Theories of Aging - Department of Molecular & Cell Biology

Theories of Aging - Department of Molecular & Cell Biology

Theories of Aging January 26, 2007 PS Timiras Classification and brief description of main theories of aging Molecular Cellular Codon restriction Wear-and-tear Somatic mutation Error catastrophe Free radical

accumulation Gene regulation. Apoptosis Dysdifferentiation Evolutionary Disposable Soma Antagonistic Pleiotropy Mutation System Rate-of-living Neuroendocrine Immunologic

Evolutionary Theory Disposable Soma - Somatic cells are maintained only to ensure continued reproductive success, following reproduction the soma is disposable. (life span theory) Opossums and Life Span - ultimate prey, ~ 80% die from predation - typically reproduce once - age very rapidly -Hypothesis: The presence of predators limits life span, natural selection favors somatic maintenance for only as long as an opossum can be expected to Steve

live. Austad, U. of Idaho -How could youaverage test this hypothesis? Sapelo Island Opossums - no predators (out in daytime) - longer average life span - reproduce twice (fewer offspring/litter) Are these changes due to a lack of predators, or a physiological change that delays the aging process? Physiological Change - Sapelo island opossums not only live longer, they age slower than mainland animals. -Sapelo Island opossums have less oxidative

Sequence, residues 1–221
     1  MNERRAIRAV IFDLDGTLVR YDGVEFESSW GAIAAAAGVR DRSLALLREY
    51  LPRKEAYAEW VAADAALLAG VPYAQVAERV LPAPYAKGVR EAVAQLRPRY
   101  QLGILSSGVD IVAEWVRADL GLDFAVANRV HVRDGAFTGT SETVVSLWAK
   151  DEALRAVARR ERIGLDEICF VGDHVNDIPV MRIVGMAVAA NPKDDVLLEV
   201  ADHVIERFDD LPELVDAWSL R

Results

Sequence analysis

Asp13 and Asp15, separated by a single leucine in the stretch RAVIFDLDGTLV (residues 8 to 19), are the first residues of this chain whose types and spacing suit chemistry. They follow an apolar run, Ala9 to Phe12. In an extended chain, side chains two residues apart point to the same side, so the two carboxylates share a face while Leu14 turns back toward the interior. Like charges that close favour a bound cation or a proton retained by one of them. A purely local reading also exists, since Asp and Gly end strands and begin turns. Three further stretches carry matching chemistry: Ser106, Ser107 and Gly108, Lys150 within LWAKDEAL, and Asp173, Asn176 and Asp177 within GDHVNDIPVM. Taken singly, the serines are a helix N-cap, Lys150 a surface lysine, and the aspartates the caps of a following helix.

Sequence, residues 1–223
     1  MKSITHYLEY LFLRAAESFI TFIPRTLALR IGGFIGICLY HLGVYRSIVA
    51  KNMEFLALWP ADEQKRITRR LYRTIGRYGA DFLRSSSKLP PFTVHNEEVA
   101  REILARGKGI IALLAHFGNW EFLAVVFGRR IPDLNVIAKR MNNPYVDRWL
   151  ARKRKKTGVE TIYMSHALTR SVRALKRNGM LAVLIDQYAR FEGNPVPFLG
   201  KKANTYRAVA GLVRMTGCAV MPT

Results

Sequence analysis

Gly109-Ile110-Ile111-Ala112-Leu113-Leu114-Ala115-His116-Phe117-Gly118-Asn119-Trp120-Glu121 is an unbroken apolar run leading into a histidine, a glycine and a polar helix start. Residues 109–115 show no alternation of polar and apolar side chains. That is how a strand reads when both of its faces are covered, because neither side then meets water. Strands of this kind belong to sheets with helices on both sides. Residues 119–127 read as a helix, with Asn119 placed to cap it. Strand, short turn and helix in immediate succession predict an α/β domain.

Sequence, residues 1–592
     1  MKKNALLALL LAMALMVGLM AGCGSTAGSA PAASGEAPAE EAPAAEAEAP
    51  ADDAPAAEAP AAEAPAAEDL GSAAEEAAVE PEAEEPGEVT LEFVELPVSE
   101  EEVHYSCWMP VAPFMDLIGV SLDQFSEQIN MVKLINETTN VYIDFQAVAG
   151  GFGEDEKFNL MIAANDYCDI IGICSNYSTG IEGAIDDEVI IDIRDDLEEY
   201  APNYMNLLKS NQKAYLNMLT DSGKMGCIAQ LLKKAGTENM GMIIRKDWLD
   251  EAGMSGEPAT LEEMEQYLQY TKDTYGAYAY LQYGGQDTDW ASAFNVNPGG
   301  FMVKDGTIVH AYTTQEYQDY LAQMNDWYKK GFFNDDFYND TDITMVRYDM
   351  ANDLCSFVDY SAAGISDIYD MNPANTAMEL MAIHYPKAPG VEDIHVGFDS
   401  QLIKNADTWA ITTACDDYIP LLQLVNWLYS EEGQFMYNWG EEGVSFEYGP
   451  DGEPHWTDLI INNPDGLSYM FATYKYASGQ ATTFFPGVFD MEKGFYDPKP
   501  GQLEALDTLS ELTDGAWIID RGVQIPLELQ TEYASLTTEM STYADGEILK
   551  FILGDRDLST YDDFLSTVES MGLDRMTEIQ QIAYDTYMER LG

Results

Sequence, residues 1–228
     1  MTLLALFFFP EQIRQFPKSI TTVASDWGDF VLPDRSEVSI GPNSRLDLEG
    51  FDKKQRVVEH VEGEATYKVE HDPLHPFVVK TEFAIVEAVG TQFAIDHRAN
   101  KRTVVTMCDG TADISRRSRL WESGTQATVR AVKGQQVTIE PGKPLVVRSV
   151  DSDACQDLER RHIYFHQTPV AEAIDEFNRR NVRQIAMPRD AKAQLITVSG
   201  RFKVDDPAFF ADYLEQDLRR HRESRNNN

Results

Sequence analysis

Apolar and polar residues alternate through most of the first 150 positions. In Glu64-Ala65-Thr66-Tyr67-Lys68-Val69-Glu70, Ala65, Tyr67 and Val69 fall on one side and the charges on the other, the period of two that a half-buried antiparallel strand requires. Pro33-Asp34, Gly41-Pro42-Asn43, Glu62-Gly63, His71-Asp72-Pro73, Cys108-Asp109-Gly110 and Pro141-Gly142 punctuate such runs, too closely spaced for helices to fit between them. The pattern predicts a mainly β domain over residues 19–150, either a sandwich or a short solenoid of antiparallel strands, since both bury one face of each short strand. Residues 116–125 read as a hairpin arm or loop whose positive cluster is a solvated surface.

damage than mainland opossums. (collagen X-linking) Evolution in the Laboratory Michael Rose, U.C. Irvine 120 100 % Surviving Drosophila Survival Curve 80 60

Average life span = ~40d 40 20 0 0 4 8 12 16 20 24 28 32 36 40 44 48 52 56 60 64 68 72 76 80 84 88 92 96 Age in 100

Selection at age of reproduction alters lifespan 120 Offspring of old flies are selected - Reproductive period extended - Stress resistant, -super flies - Early adult fecundity reduced *antagonistic pleiotropy % Surviving 100 80 Normal

60 old flies selected 40 20 0 0 4 8 12 16 20 24 28 32 36 40 44 48 52 56 60 64 68 72 76 80 84 88 92 96 Age in

100 Evolution in the Laboratory 120 Offspring of young flies are selected - Early adult fecundity increased *antagonistic pleiotropy 100 % Surviving old flies selected 80 Normal

60 young flies selected 40 20 0 0 4 8

12 16 20 24 28 32 36 40 44 48 52 56 60 64 68 72 76 80 84 88 92 96 Age in 100 Summary of Drosophila Selection ) Selection at age of reproduction can alter the lifespan of Drosophila (lifespan has been doubled by this technique). ) Increase in lifespan has a cost, reduced fecundity (reproduction). - antagonistic pleiotropy - ) Long-lived flies are stress resistant (heat shock, oxidants). What about Humans?

-Unlike most animals, humans and some related primates age in a natural environment. -Menopause is also unique to humans. How can nature select for a process that limits reproduction? -How does parental care influence the evolution of human life span? Evolutionary Theories of Aging Disposable Soma - Somatic cells are maintained only to ensure continued reproductive success, following reproduction the soma is disposable. (life span theory) Antagonistic Pleiotropy - Genes that are beneficial at younge ages are deleterious at older ages. (Pleiotropism = The control by a single gene of several distinct and seemingly unrelated phenotypic effects)